What does success mean for you?
Just what do we mean by success? What does success mean to you? How are we to be successful in life? While many equate success with money, power or prestige, a successful life involves much more than that. There are many components to a successful, balanced life, and success is best thought of in a broad, all-of-life manner. To help you, we have identified six essential elements of a successful life.
Many people lead a successful life without amassing great wealth or power. Our tendency is to think in the short term, our immediate future is most important to us. But a successful life is lived over many decades. If we accept this and think of success in terms of a whole life, not just a year or a decade, we have a better sense of what is important in our lives.
This has two advantages – the first is that it means you always have the chance to improve on your situation. The second is that this wider perspective allows you to appreciate what you have, and to see more clearly the things that are most important.
Success is something to work at continually. In pursuing a successful life, there is no beginning or end – only tomorrow. We define the six pillars of success to help guide you on your journey.
“Past failures are the building blocks of tomorrow’s triumphs.”
A successful life is multi-faceted, involving the full scope of your life and interactions with others. Importantly, it should be defined by you, not what you think others might think.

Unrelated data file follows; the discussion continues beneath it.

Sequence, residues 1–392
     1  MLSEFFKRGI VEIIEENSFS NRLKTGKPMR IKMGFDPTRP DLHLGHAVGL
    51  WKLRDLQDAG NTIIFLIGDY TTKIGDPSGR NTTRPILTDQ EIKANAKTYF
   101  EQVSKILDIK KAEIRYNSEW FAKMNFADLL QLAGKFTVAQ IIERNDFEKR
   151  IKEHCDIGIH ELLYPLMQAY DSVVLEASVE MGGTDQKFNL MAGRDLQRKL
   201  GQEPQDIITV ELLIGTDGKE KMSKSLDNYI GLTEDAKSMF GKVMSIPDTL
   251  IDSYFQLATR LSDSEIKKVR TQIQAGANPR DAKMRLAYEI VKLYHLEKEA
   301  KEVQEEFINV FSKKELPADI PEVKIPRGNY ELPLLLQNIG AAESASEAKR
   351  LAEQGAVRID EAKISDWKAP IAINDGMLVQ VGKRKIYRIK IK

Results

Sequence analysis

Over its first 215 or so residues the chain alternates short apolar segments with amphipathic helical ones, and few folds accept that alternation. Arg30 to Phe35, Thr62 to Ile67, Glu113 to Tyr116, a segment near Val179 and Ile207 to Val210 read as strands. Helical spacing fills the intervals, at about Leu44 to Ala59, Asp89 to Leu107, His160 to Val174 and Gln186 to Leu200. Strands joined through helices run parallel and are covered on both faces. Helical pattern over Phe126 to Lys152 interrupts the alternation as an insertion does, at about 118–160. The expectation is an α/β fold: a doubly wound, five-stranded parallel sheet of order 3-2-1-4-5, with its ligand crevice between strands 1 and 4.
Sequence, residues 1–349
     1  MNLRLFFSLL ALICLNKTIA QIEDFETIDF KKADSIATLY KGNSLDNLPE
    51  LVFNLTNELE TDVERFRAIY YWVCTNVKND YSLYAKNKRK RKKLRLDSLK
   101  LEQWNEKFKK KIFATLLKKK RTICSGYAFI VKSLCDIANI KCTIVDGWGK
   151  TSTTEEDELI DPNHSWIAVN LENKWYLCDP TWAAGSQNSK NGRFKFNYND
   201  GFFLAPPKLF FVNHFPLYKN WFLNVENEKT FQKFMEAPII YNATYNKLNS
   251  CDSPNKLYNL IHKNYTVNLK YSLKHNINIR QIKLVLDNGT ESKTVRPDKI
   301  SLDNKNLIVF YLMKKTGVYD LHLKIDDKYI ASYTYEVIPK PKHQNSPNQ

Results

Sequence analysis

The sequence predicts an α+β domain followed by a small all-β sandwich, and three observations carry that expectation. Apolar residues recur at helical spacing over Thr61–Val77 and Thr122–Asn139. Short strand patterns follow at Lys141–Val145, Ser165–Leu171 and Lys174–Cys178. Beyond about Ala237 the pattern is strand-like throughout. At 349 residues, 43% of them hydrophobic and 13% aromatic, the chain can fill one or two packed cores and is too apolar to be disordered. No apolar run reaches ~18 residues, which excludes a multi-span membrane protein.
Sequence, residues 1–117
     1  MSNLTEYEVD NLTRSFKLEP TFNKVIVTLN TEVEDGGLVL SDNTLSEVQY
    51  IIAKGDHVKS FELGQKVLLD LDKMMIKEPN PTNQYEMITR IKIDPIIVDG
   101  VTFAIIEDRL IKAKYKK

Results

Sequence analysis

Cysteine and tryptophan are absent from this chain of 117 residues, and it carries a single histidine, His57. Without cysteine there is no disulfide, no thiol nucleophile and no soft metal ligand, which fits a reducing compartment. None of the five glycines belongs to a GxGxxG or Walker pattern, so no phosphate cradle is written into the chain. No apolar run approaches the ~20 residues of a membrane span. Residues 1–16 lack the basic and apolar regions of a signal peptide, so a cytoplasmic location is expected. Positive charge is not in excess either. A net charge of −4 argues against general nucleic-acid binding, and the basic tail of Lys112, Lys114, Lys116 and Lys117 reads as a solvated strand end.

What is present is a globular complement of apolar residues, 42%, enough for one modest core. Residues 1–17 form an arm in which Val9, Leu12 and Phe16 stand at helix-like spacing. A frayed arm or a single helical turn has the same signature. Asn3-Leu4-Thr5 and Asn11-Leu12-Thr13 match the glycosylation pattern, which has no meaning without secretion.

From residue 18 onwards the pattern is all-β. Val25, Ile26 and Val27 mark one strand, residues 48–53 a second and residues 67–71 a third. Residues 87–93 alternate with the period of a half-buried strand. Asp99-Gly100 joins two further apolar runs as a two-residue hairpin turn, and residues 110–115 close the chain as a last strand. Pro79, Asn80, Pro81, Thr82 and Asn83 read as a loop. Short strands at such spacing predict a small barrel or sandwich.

We see six pillars of success – the six S’s of success:
Success often begins with having a strong, positive and confident sense of self. This is the essential foundation on which your success is based.
Words such as happiness and contentment are similarly related states of mind. However we feel that the more critical dimension is that of a strong feeling of self worth. Psychologists refer to it as “subjective well-being”, and without this, we are unlikely to be happy or content.
If we are not happy, if we are not sure of ourselves, our relationships suffer from our doubts and inconsistencies. In contrast, a strong sense of self allows us to be more engaged and more engaging. As a result we are more likely to achieve the things we desire.
“We don’t live in a neighbourhood, city, state or country – we live in the space between our ears.”